Cleveland Browns: Grading the offensive line after Week 1

(Photo by Justin K. Aller/Getty Images)
(Photo by Justin K. Aller/Getty Images) /

The Cleveland Browns paid a lot of money this offseason to revamp their offensive line. Were there any positive returns on their money in Week 1?

The Cleveland Browns offensive line struggled against the Pittsburgh Steelers last Sunday. The good news is that most mistakes and struggles are fixable. The offensive line needs to play together more to develop the cohesion necessary to resolve the issues.

Let’s start with the Browns’ non-existent running game. Browns running backs combined for 25 carries with a 2.3 yards per carry average for a grand total of 57 yards rushing for the game. This is not a good rushing attack. But given that the Steelers only rushed for 2.1 yards per carry, take it in stride.

There were three major issues with the rushing attack that need to be addressed by the offensive line and tight ends.

First, the line needs to double-team key defenders. Not sure what the Browns were thinking but rarely was Cameron Heyward double-teamed. When he was, the Browns had success running the ball. When he was not, the running game was often disrupted by his actions.

Moving forward the Browns need to plan for key defenders that can disrupt the game. It is a good offensive line, but not good enough to allow players like Heyward to be single-blocked.

Second, the tight ends need to block. David Njoku had an extremely rough day blocking in both the run and pass games. He had a holding call and several missed blocks that ended with loss of yardage.

The tight ends need to block for several reasons but the most important for the running game is that their blocks create an edge allowing the backs to get outside. The Browns cannot afford to have Njoku singled up on Terrell Suggs at any point this week.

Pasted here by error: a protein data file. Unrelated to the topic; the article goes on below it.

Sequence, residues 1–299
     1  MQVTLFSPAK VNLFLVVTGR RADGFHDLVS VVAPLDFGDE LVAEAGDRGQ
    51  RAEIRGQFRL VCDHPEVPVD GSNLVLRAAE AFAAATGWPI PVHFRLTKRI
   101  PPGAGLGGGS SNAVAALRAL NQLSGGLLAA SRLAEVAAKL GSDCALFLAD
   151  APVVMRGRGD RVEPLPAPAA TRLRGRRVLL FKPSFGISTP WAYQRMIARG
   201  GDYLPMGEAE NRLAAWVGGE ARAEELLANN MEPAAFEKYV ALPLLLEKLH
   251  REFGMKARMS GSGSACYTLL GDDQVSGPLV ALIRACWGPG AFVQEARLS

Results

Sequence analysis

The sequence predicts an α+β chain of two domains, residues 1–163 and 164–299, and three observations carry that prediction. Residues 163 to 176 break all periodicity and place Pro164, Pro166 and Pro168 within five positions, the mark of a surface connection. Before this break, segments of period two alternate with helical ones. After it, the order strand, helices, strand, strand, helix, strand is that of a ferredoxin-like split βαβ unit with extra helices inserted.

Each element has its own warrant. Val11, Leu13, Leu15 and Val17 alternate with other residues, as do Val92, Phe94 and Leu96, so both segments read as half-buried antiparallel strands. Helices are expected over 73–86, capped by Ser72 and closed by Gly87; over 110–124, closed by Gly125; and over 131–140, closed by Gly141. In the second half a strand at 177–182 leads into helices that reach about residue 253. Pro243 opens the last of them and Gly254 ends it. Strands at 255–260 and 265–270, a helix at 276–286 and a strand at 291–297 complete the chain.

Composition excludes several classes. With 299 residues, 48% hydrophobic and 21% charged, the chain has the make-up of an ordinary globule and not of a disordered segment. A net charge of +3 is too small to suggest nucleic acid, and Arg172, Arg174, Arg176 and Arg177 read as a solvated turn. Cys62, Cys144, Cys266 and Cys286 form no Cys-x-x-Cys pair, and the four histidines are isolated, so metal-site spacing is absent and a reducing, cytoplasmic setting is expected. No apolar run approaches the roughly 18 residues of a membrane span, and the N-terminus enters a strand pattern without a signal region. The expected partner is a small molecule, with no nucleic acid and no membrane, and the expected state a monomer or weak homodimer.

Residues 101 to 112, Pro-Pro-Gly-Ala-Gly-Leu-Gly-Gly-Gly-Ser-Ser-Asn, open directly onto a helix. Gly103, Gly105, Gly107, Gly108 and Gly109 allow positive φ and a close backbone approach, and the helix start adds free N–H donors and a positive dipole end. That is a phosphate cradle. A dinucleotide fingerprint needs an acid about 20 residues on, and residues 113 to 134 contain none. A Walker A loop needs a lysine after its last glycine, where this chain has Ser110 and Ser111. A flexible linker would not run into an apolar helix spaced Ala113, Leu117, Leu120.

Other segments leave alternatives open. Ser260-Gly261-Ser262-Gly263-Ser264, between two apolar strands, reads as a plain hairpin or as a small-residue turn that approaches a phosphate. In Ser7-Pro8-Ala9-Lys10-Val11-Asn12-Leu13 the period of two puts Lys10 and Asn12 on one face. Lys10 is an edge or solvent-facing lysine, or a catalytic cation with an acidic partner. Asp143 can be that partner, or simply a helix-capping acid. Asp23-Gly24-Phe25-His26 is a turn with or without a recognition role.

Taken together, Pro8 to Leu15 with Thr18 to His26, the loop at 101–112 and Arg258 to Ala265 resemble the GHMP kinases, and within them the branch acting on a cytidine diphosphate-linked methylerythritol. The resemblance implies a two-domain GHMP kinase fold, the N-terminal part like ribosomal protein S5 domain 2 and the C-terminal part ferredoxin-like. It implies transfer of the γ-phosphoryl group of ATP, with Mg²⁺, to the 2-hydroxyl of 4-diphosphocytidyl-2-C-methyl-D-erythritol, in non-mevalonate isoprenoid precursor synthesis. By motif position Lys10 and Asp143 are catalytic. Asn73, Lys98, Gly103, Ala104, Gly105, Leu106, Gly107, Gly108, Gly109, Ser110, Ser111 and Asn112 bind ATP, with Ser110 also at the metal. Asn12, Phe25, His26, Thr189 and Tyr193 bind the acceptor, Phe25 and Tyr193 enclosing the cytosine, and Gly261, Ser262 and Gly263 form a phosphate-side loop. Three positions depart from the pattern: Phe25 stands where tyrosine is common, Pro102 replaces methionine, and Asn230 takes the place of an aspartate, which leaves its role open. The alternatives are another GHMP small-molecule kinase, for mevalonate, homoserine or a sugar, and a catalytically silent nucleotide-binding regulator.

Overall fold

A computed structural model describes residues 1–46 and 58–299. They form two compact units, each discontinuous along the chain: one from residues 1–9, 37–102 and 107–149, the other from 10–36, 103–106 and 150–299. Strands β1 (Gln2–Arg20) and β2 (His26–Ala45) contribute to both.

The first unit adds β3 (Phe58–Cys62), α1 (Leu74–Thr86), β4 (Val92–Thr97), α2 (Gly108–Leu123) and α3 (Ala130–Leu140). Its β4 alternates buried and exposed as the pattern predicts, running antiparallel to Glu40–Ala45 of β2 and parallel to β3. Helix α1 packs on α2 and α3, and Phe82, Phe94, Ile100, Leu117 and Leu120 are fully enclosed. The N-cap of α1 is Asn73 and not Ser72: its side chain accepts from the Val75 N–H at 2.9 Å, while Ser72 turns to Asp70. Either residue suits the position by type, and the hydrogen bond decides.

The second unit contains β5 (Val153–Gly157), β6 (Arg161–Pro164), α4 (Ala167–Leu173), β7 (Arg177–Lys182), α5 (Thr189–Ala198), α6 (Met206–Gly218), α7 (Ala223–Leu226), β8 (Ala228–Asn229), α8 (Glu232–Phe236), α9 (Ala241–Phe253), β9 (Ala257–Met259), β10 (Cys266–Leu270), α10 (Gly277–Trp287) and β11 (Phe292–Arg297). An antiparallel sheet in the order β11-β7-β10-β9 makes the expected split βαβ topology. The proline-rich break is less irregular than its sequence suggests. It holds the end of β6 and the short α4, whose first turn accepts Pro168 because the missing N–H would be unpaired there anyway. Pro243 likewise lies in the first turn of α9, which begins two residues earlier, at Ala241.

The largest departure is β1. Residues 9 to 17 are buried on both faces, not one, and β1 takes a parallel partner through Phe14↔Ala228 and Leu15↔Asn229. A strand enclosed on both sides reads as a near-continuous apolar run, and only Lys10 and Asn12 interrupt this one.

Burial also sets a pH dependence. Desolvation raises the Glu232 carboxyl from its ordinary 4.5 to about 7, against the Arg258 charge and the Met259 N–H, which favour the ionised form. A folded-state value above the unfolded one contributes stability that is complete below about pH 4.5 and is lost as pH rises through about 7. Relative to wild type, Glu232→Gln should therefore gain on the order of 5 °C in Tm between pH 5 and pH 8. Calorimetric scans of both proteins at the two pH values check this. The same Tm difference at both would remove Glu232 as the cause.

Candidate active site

Third, the line need to figure out the twists and stunts by defensive linemen. Throughout the game in both the run and pass games, stunting and twisting defensive linemen were extremely disruptive. When asked this week why the run game was unproductive, Joel Bitonio stated it correctly when he said:

"Just little things here and there. They did some internal twists and sending backers through where it was one guy. It seems like that is always an issue, but one guy misses a block or the hole is a front side and he hit the back side on that play. Just little things. You can fix those. We haven’t played that much together, but we are going to improve. We are going to work to improve it and we will see. Pittsburgh did a good job of slowing us down Week 1."

Bitonio describes what every fan can see when watching the coaches film. The Browns struggled to pick up twists and stunts which stifled the running game. The Browns will need to improve greatly in this area as the Baltimore Ravens like to run twist stunts with linebackers and defensive linemen.

The passing game was a completely different story. Yes, the Browns gave up seven sacks against the Pittsburgh Steelers. But most of those sacks were avoidable. Only one of those sacks can be laid directly at the feet of the offensive line.

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Running backs and tight ends are responsible for two of those sacks. Finally, DeShone Kizer and the wide receiver room can carry the blame for the other four.

The seven sacks were a team effort. The line had several issues with communication. Kizer was able to bail the line out by scrambling. The running backs also helped pick up the slack for the offensive line.

But it was not all bad. There were times that the offensive line held their blocks for much longer than the design of the play to give Kizer extra time to find an open receiver.

Receivers got open allowing Kizer to deliver the ball on-time and early offsetting some bad line blocks. There were times it looked great, there were times it looked awful.

Moving forward: The good news is that all the issues are fixable for the offensive line. Playing together more as a unit will help clean up the communication issues and the twists and stunts. The offensive line looks like the unit the front office paid for. They need time to mesh together.

Overall: The offensive line pass protected well. The run game needs work, particularly at tight end.

Next: Kizer facing tough task against the Ravens

Grade: B-